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Southeastern insects

The species profiles below are a one-stop-shop for information about the insects the Service's Southeast region is responsible for protecting and/or recovering.

  • Shot from above: a small bee that resembles a yellow jacket perched on a yellow flower with a sand beach below.
    Information icon Gulf Coast solitary bee. Photo by Center for Biological Diversity.

    Gulf Coast solitary bee

    The Gulf Coast solitary bee is a rare inhabitant of the sandy barrier islands and landward dunes along the Gulf of Mexico extending from Horn Island, Mississippi eastward to St. Andrew’s Bay in northwest Florida.  Visit the species profile...

  • An iridescent insect with many small hairs on its belly standing on leaf litter and sandy soil
    Miami tiger beetle. Photo by Jonathan Mays, Florida Fish and Wildlife Conservation Commission.

    Miami tiger beetle

    The Miami tiger beetle, found exclusively in pine rockland habitat in Miami-Dade County, Florida, has a shiny green exterior and protected under the Endangered Species Act as endangered.  Visit the species profile...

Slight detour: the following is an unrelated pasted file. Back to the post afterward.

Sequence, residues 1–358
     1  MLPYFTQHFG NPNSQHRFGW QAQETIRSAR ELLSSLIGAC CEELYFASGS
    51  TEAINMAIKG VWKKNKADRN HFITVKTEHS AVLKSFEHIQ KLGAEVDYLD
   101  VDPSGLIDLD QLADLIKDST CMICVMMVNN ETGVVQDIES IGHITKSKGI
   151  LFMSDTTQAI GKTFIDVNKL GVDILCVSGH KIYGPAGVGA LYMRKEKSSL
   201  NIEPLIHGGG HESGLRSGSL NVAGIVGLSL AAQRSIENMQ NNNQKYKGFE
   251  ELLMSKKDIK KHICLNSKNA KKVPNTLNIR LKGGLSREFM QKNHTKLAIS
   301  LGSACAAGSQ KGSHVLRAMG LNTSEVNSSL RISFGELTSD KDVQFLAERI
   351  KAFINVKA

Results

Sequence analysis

• An orange, black and cream colored butterfly perched on a yellow flowering plant
    Information icon Puerto Rican harlequin butterfly. Photo by Jan Zegarra, USFWS.

    Puerto Rican harlequin butterfly

    One of four species of Atlantea butterflies that inhabit the Greater Antilles, only the Puerto Rican harlequin butterfly occurs in Puerto Rico. With a small population size, no more than 50 butterflies have ever been recorded in a single survey.  Visit the species profile...

  • A grey, brown and yellow butterfly with circular patterns near the ends of it’s wings that somewhat resemble eyes
    Information icon Saint Fancis’ satyr. Photo by Melissa McGaw, NCWRC.

    Saint Francis’ satyr

    Soon after its discovery in the 1980s, scientists believed that this small, dark brown butterfly had been collected to extinction, but it was rediscovered in 1992.  Visit the species profile...

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